Hippo What?

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I was surprised to learn that hippotherapy involves physical, occupational and speech therapy all wrapped up into one very large package. I took a tour pf the facility. I learned that  hippotherapy in not new. It started as a formalized discipline in the 1960s Germany, Austria and Switzerland where it was used along with traditional therapies. In Germany that therapy was practiced by a physiotherapist,  a specially trained horse and horse handler. In the late 1980s a group of Canadian and American therapist traveled to Germany to learn about hippotherapy. They brought the new discipline back. That discipline was formalized in 1992 with the formation of the American Hippotherapy Association (AHA).

Why a horse? The horses pelvis has a similar movement to the human pelvis at a walk. That movement provides physical and sensory input, which is variable, rhythmic and repetitive. The variability of the horses gait allows the therapist to control the amount of movement along with other treatment strategies to reach desired therapy goals or functional outcomes. That movement involves the horse carrying the patient in many different positions, one at a time of course.

Riding is not the only way a patient interacts with a horse. There is occupational therapy where the patient simply grooms the horse. There are several different ways and tools used in what seems at first as a simple procedure. First though is some speech therapy. Speech? The patient, me, had to introduce myself to the horse. That speech was both physical and verbal. My movements where slow and deliberate to approach from the front so I did not surprise the horse. The horse being specially trained was very patient of course. After a sniff of the back of my hand and a soft touch to the horse’s neck we were introduced. The therapist guided every part of my movement as needed and guided me through the proper sequence of events.

Then the grooming tools where introduced. I had been in traditional therapy for many months many years before so I was familiar with standing up to a wall and simply brushing a chalkboard eraser on a wall. That is the best analogy I could apply to a form of occupational therapy that was completely new to me. Then came the difference. The wall did not move when I brushed it. The horse did. It moved closer to or farther from me. It even moved left or right, all depending on my technique used with the brush. Of course I had to keep the brush in my hand, a particular challenge.  I still have many challenges on my right side from a stroke I experienced almost 13 years earlier. To keep the therapy balanced, I stroked the brush evenly with my right and left hand. Then came another challenge. That was to stand and walk on the sand floor of the arena where the hippotherapy was practiced.

So, what had been a simple exercise of wiping a wall with a felt eraser that involved standing and balancing while brushing a static wall, was now an exercise that involved moving while standing next to a “wall” that moved in four directions, while I brushed it.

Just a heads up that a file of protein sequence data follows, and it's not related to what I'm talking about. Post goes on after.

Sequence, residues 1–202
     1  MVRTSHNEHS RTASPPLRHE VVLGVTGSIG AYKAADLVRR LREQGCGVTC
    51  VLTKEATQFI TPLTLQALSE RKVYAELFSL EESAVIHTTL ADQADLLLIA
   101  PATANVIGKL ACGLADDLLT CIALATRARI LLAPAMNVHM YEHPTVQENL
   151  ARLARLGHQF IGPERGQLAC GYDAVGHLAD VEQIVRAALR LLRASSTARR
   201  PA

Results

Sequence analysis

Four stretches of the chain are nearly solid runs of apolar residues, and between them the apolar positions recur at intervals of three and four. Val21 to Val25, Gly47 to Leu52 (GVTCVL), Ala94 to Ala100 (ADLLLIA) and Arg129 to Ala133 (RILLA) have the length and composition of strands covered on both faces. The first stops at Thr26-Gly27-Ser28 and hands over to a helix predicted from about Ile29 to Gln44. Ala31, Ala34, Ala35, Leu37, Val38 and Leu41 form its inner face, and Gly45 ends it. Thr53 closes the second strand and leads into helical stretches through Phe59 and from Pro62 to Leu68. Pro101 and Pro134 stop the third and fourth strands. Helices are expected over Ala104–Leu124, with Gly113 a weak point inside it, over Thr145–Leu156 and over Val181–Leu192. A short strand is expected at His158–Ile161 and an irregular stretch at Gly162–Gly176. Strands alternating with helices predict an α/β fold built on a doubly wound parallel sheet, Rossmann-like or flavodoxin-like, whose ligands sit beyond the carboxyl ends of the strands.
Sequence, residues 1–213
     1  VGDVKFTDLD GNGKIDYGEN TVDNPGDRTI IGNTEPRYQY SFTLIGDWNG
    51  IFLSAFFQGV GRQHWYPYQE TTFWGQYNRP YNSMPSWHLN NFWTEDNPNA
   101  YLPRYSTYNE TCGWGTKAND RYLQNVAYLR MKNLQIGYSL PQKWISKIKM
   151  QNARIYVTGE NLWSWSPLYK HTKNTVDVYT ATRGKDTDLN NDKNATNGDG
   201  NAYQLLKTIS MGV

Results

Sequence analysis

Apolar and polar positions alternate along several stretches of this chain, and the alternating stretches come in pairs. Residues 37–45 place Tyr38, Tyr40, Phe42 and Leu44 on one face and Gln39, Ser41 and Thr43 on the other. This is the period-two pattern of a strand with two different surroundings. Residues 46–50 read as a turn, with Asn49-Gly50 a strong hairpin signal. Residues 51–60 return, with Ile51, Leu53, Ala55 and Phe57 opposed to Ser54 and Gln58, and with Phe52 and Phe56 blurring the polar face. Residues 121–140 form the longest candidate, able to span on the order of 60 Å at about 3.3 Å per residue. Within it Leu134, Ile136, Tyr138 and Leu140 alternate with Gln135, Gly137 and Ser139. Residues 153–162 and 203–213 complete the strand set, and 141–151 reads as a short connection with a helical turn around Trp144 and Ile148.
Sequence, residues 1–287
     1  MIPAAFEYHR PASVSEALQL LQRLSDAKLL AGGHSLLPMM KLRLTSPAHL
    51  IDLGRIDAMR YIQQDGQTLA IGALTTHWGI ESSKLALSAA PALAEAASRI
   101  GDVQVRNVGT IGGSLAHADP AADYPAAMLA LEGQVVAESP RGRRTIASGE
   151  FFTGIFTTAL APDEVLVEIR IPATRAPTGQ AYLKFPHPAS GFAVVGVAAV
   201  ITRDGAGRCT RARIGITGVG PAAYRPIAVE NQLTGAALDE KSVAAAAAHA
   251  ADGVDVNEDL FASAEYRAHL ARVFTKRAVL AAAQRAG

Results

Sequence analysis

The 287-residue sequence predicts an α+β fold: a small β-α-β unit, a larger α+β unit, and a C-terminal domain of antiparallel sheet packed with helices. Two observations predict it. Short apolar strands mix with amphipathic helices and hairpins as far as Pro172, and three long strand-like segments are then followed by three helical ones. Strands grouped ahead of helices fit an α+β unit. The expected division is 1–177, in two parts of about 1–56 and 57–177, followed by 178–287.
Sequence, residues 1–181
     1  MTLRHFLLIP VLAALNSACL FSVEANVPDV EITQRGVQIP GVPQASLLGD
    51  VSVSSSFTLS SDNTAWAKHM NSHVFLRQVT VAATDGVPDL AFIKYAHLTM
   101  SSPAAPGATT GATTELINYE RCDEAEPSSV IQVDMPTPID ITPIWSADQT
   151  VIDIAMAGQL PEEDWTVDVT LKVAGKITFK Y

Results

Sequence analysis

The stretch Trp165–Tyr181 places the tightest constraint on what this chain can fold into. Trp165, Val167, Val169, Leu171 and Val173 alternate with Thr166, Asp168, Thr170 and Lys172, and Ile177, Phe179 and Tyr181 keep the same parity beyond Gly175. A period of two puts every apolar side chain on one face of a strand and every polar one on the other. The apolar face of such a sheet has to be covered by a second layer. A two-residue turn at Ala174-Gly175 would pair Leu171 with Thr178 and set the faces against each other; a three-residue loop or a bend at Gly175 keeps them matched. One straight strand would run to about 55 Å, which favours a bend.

At the same time I talked to the horse in a quiet, even tone to keep him calm. That is important whenever I was close to the horse so the horse knew where I was. Of course I learned to watch and listen to the horse. Call that speech therapy as I learned to watch the ears, the eyes and even the position of the head – if it was tall and alert or lowered and relaxed. All three forms of therapy, occupational, physical and speech were all wrapped up in the simple act of grooming the horse.

It wasn’t long before I learned how to put a halter on the horse’s head and attach an 8 foot lead to the halter in preparation to lead the horse around the arena. That meant walking on the sand floor. I normally use a cane on such an unstable surface but if I am careful I can walk without the cane. Okay, the floor is soft so my 68 old frame will come in for a crash landing with a soft thud rather than solid crash. Needless to say, that the patient has to know how to fall, to participate. My therapist does accompany me as heeded if close hand is needed. In my case I know how to fall and after several months of hippotherapy I have not fallen.

To lead the horse all three forms of therapy are involved simultaneously again. I have to walk and balance myself on the soft, uneven floor, I use my hand on the lead that is attached to the halter to guide the horse and I have to talk to give verbal commands to guide the horse and establish authority over the horse without being loud or sharp, which might make the horse more nervous than obedient. Leading the horse, even grooming, is an art called horsemanship.

After several months of hippotherapy I have learned the answer to my initial question – Hippo what? In the limited space here it is almost impossible to do justice describing the art of hippotherapy. There are several places on the WEB to research, just like I did before my tour. Before I leave though I must add that half of my time with each appointment includes traditional therapy, which is no different from the therapy that I have experience over the years following my stroke.